Why are more big storms hitting Hawaii?

The first hurricane in 22 years is set to make landfall on Hawaii. Is the Aloha State experiencing more severe weather than in the past?

This image provided by NOAA taken Thursday at 2 a.m. EDT shows Hurricane Iselle, left and Hurricane Julio. Iselle was supposed to weaken as it slowly trudged west across the Pacific. It didn't, and now Hawaii is poised to take its first direct hurricane hit in 22 years. The center of Hurricane Iselle is expected to pass very near or over the Big Island Thursday night and just south of the smaller islands Friday.

As a pair of cyclones stream towards the Hawaiian islands, locals are clamoring for bottled water and flashlights, with some no doubt wondering why their archipelago has been experiencing such severe weather in recent years.

The first hurricane in a generation, Category 1 storm Iselle will likely strike Hawaii's Big Island on Thursday evening, bringing 5 to 8 inches of rain, says Tom Birchard, senior meteorologist for the National Weather Service in Honolulu. As of 12 p.m. US Eastern time, it had maximum sustained winds of 80 mph with higher gusts.

Its weaker Category 2 partner, Tropical Storm Julio, could miss the islands by traveling north this weekend. The storms may cause mudslides and severe flooding.

This year has seen a greater frequency and number of cyclones near the islands, says Mr. Birchard, due to the higher ocean temperatures.

Those warmer waters resemble conditions behind El Niño, the periodic appearance of a band warm water and high air pressure that moves eastward across the Pacific Ocean.

"It's been a busier than usual season and we've been wetter than normal and more humid" Brichard says, adding that during the last El Niño season in 1997-1998, the Pacific saw nine tempests ranging in strength from tropical depression to tropical storm, with none hitting the state. "We’re a fairly small target," he said.

As The Monitor reported Wednesday:

On the West Coast, El Niño events can trigger unusually warm air and water temperatures. Climatologists suspect that an El Niño may have been at play in 1858, when the only recorded hurricane ever to hit California battered the coast of San Diego.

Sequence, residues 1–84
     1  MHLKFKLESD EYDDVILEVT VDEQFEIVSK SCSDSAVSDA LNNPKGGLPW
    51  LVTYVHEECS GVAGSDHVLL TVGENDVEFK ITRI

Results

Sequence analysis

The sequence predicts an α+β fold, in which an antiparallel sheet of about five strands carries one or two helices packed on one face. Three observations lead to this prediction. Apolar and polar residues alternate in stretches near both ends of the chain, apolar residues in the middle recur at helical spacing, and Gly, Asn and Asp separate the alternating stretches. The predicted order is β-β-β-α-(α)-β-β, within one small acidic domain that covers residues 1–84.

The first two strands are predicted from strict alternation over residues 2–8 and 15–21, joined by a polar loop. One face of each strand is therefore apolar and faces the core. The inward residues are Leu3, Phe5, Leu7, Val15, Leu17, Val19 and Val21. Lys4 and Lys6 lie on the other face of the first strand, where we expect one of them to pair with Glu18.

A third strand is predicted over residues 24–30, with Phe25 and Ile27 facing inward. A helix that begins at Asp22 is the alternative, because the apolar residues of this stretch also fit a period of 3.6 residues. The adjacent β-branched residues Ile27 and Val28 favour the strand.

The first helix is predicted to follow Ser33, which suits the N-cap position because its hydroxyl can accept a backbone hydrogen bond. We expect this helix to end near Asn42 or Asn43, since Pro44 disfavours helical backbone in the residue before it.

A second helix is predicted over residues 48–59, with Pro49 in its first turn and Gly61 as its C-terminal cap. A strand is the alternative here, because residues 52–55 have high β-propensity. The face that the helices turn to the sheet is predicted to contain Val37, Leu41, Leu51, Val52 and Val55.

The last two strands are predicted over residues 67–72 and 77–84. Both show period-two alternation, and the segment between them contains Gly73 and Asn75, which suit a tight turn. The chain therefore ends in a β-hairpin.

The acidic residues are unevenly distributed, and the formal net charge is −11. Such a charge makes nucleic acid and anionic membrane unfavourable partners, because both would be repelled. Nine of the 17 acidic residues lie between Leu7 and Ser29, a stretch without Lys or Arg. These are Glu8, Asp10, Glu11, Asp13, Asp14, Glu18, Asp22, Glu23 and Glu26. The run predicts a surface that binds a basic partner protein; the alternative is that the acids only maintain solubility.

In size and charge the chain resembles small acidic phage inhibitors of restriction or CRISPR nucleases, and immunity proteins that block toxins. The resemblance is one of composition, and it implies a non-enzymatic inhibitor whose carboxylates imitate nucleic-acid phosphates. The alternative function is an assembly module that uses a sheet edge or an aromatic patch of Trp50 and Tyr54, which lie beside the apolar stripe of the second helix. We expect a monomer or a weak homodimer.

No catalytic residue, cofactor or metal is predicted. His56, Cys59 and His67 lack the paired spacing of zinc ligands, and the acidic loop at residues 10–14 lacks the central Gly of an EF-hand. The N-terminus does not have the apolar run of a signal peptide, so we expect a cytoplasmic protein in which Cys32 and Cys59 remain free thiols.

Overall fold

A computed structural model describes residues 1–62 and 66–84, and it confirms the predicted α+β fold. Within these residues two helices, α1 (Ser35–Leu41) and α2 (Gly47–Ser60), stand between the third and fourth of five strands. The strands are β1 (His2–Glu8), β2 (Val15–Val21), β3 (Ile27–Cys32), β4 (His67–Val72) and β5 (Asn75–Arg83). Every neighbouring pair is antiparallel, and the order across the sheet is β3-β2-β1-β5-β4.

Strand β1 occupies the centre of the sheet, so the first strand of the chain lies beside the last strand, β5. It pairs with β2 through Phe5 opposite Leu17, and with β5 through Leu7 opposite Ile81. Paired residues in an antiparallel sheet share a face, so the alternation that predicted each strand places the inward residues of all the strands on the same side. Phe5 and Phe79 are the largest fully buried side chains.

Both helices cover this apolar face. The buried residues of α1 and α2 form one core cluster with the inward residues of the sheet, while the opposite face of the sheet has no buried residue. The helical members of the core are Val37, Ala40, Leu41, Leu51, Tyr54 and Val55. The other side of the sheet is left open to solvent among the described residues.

It is not yet an El Niño season, as the National Centers for Environmental Protection has yet to make it official, putting it a 70 to 80 percent likelihood. But the possibility of a hurricane striking Hawaii is reminiscent of El Niño, setting records.

Is Hawaii's bad weather exacerbated by climate change? Meteorologists are reluctant to say so. 

"Some reports indicate that in a warming climate, there are greater cyclones," Brichard says. "But in a warmer climate, there would be greater vertical wind shear" – or a change in wind speed and direction across a short atmospheric distance, a trend not conducive to stormy weather.

Nonetheless, scientists have observed an uptick in Category 4 and 5 hurricanes worldwide, one that is correlated with increased surface temperatures.

Hawaii has not faced a major hurricane in more than 20 years. The last one, Iniki, which struck the island of Kauai in 1992, killed six people and caused $2.4 billion in damage. That storm developed during the 1991to 1994 El Niño episode.

Before that, the last recorded hurricane to strike directly at the islands was the 1871 Kohala Cyclone.

Some Hawaiians think that the long dry 150-year spell demonstrates that the topography of the big island protects them. But Brichard dismissed the notion.

"It’s led to a false belief that the coastal terrain protects them. But mountains don’t preclude the storms from moving ashore."

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